Next up here on Hai! Karate is a gem from 1974 that marries the old and new in Hong Kong cinema, The Skyhawk. The film stars the legendary Kwan Tak-Hing, Carter Wong, Sammo Hung, Nora Miao, Whang In Sik and Lee Kwan among others. Now this film is remarkable because of the main star, Kwan Tak-Hing himself. When I say legend to describe Tak-Hing, it fits like a pair of new shoes. The man was a well-known Cantonese Opera star in the late 1920's & 30's BEFORE getting into films and the role that would define him for generations, the doctor/martial arts hero Wong Fei-Hung. See, most now associate that role with Jet Li because of the 'Once Upon A Time in China' series. But THIS is the man that started it all. The Skyhawk is another in the series for a new generation, being that his last film as the hero prior to this was in 1970.
The flick opens in the back country of Thailand. Skyhawk(Tak-Hing) and Fei Fei(Hung) are on the way to visit Skyhawk's friend Chu for his birthday. Behind them on the road is Little Lion(Wong) who gets run up on by five dudes from a school for martial arts who have a beef with him. He makes short work of them. They then run back to a temple and get their master, Kwok(In Sik). Kwok basically goes with them, finds Lion and kicks the living crap out of him. Skyhawk and Fei Fei find him and take him along to Chu's. Chu happens to be a labor leader at the local factory. His daughter (Miao) takes a liking to Little Lion right off. Fei Fei has ties to the town as well; his sister runs the big restaurant in town along with her husband(Kwan). Trouble starts to rumble when Chu butts heads with Mr.Ku(Chiu Hung)over the workers, leading to Ku basically killing to get the workers under control. Kwok winds up aligning with Ku after his beatdown of Ku's men who were trafficking young girls to Japan. Fei Fei's brother in law has a SERIOUS gambling problem and winds up in trouble with Ku, who covets his wife. All of these conflicts bring Skyhawk to the brink, and goes against his normal ways of seeking peace and harmony. Ultimately Skyhawk rises to battle - but at a great cost.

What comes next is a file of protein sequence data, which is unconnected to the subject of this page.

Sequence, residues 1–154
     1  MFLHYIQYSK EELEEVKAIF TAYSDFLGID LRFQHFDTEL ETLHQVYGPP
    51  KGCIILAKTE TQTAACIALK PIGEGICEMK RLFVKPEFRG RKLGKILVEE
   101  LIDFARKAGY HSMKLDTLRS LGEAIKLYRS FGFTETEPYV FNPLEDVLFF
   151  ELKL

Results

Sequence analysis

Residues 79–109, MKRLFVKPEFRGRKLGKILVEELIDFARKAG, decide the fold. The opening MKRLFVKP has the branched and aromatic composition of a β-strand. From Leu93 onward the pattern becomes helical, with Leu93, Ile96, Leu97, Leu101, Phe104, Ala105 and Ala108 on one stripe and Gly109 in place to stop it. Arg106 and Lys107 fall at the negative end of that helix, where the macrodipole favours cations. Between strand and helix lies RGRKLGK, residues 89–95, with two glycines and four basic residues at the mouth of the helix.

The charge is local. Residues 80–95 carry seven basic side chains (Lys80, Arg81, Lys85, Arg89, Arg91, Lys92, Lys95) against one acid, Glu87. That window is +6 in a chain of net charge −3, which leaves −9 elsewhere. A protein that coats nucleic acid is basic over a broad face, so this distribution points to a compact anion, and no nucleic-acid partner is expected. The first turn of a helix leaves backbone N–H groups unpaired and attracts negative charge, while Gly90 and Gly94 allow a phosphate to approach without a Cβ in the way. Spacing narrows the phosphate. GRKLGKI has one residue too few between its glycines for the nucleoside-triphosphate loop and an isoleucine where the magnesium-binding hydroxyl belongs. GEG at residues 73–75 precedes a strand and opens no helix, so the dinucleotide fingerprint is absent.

The Skyhawkcaused a stir because of its violent and bloody scenes. This was opposite of what one used to see in previous Wong Fei-Hung films, but it reflected the influences both from the time period as well as the director, the renowned Cheng Chang Ho. Ho actually made this film a reunion of sorts for cast members from the film that made him famous, King Boxerin 1972. Chiu Hung, Gam Kei-Chu and Yau Lung all play significant roles here. Also, credit Sammo Hung for great action directing because the fight scenes pulsate, especially the final showdown between Skyhawk and Little Lion vesrus Kwok and Ku. Tak-Hing, though advanced in years by this time, gets to show off the skills that made him famous in a convincing way. Carter Wong is brash and full of intensity here(look for the scene where he surprises Yau Lung. I guarantee you'll burst out laughing.)
The Skyhawkis an entertaining, quick film. Trust me, it's under 90 minutes. There's a good balance of action and drama although it can get a bit melodramatic here and there. Some of the night scenes will be hard to view at times on the available print through Fortune Star. While that works against Cheng Chang Ho, it's the only issue he has. The direction is great here; fans of aerial kung-fu will love some of the scenes here where Whang In Sik is involved. Nora Miao is essentially a side character here without a lot of involvement. The Thai backdrop does provide a nice setting, but you will find yourself making comparisons to The Big Bosshere and there. The story line doesn't do much to dissuade them either. But this is still a must watch film, especially to see the great Kwan Tak-Hing in action. (There's still an effort to get many of his films made available to a wider audience. 144 of them to be exact.)
RATING: 3.5 Dragon Punches out of 5